Arthur, Nellie, John & May Burnham
Having gone through, in a general way, the Wayne family’s crimes scene, I’ll now do the same with the Burnham cottage and give some background on the Burnhams themselves.
Arthur J. Burnham, suffering from a sever case of tuberculosis, came to Colorado Springs from Michigan about 1895 and was the only living member of his father’s family. Like Henry Wayne, Burnham was a member of the Modern Woodmen of America and had been told about the “healing” properties of the Colorado Springs air and sunshine. His health did improve after his arrival and he met and married Alice May Hill in 1904. When the sanatorium was opened in 1909, Burnham became an inmate and was given the job of “laborer.” He was given one day off per week and his day was Thursday and he would take a car from the sanatorium to his little cottage and spend the day and evening with his family. By 1911 Burnham’s tuberculosis had become severe again and he had trouble just walking the grounds of the sanatorium without assistance.
Sunday morning, September 17, 1911, May took the children, John and Nellie, to church then were seen in different locations throughout the neighborhood over the course of the day. The trio was also seen at Grant Collins store that afternoon. May’s sister, Nettie Ruth, often visited May and the children and on Sunday evening had dinner with the family. I believe both May and Nettie took in sewing projects in order to make extra money and May brought up the fact she had some sewing that needed to be completed. She and her sister decided to complete their sewing on Wednesday, the 20th and Nettie left for her parent’s house around nine o’clock Sunday night.
About one-thirty in the afternoon on the 20th, Nettie knocked on the front door of the little cottage and received no response. Both the front and back door were locked and Nettie didn’t have a key. She went down the street to one of May’s friends thinking maybe she was there. May’s friend, Anna Merritt, had not seen May or the children since Sunday afternoon and believed them to have been staying with Nettie. Grabbing a key in hopes of jarring the lock open, both women went to the back door of the house. Once inside, the women were confronted with a horrible smell coming from the front room. The door separating the two rooms was slightly ajar and the women looked inside.
The two women ran from the house and yelled in the street. Two men passing by went into the house, saw the scene and ran for the police. As a crowd gathered and the empty look of the Wayne house was noted and you know that story.
The Colorado Springs Gazette gave a better description of the Burnham crime scene than they did of the Wayne crime scene, but not much better. May, John and Nellie were found in the bed in the front room. John and May lay side by side and little Nellie was found laying across the legs of her mother at the foot of the bed. From Nellie’s position it was speculated that she had woke up and made an attempt to escape but was cut down as she tried. I’m uncertain if her body was covered or not. From the statements of Nettie Ruth and Anna Merritt it seems Nellie’s body may have been uncovered. Nettie stated “they first saw the red blotches on the wall and then – then we saw a form on the bed. It must have been little [Nellie].” The bodies of John and May were covered, however.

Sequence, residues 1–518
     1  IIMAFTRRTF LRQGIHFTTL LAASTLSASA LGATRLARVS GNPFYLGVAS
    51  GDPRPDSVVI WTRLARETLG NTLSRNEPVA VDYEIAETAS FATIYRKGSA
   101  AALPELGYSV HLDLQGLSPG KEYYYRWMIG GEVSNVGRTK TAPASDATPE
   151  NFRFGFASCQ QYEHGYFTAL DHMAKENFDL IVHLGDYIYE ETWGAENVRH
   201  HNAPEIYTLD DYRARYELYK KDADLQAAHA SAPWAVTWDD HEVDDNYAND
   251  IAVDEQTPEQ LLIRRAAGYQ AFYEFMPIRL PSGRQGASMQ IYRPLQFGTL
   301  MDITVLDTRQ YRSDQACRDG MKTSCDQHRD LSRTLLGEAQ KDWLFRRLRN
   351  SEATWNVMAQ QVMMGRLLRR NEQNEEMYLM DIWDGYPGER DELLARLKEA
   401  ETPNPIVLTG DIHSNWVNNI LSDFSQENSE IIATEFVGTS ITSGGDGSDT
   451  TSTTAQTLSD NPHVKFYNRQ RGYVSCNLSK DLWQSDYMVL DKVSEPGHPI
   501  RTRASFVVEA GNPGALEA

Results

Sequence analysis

In the back room/kitchen were found the Sunday dishes still sitting on the table and a bed that had not been slept in. On the floor in front of the stove was a small pile of ashes. A wash bowl containing bloody water was also in the kitchen and on this bowl was found at least two black fingerprints. The east window of the room had been the point of entry with the screen cut from the outside in order to facilitate the lifting of the sash. A bottle of black ink or shoe polish had been knocked off the window sill as the UNSUB broke into the little room. An attempt had been made to wipe up the mess which accounted for the fingerprints on the wash bowl.
In the front room on the floor was found a crumpled Sunday newspaper that was partially burned. Investigators at first believed an attempt had been made to burn down the cottage due to a curtain near the makeshift torch being scorched. It was later found that a photographer had over estimated the powder needed to photograph the scene and a spark had caught the curtain on fire.
Here again I have to bring up the question of the status of Mrs. Burnham’s body. The same Pinkerton detective who called the UNSUB a “moral pervert” speculated that May had been the target of the attack and that the Waynes had been the unfortunate victims of mistaken murder. Why? I don’t know. It’s possible that May’s body had been mistreated in some way after her death and it’s also possible the detective, Elmer Prettyman, superintendent of detectives in Pinkerton’s Denver office, was trying to fit facts to the initial theory of the murders being motivated by revenge. Without a Report of Evidence Submitted for the Coroner’s Jury or any existing notes or documents related to the crime, we may never know and it would all be speculation on my part.
My next post will get into the suspects and blowing up the hypotheses developed by the investigators. I am intentionally staying away from a lot of details here in order not to bore anyone. If you have questions or believe you have corrections, just leave a message and I’ll look into it.